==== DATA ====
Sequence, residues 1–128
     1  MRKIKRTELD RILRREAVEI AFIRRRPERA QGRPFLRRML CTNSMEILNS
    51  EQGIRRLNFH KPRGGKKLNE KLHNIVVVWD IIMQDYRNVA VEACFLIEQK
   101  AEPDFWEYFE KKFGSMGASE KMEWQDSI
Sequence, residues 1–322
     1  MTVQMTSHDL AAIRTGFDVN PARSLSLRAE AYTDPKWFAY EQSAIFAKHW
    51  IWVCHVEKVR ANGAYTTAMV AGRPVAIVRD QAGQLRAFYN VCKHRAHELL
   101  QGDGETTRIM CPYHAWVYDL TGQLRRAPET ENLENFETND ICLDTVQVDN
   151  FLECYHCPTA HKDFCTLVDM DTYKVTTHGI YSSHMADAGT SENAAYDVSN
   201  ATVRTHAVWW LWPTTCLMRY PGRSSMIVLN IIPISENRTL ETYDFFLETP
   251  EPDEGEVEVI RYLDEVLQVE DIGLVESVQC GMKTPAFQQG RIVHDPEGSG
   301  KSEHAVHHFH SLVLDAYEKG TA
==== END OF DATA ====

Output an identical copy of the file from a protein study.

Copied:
Sequence, residues 1–128
     1  MRKIKRTELD RILRREAVEI AFIRRRPERA QGRPFLRRML CTNSMEILNS
    51  EQGIRRLNFH KPRGGKKLNE KLHNIVVVWD IIMQDYRNVA VEACFLIEQK
   101  AEPDFWEYFE KKFGSMGASE KMEWQDSI
Sequence, residues 1–322
     1  MTVQMTSHDL AAIRTGFDVN PARSLSLRAE AYTDPKWFAY EQSAIFAKHW
    51  IWVCHVEKVR ANGAYTTAMV AGRPVAIVRD QAGQLRAFYN VCKHRAHELL
   101  QGDGETTRIM CPYHAWVYDL TGQLRRAPET ENLENFETND ICLDTVQVDN
   151  FLECYHCPTA HKDFCTLVDM DTYKVTTHGI YSSHMADAGT SENAAYDVSN
   201  ATVRTHAVWW LWPTTCLMRY PGRSSMIVLN IIPISENRTL ETYDFFLETP
   251  EPDEGEVEVI RYLDEVLQVE DIGLVESVQC GMKTPAFQQG RIVHDPEGSG
   301  KSEHAVHHFH SLVLDAYEKG TA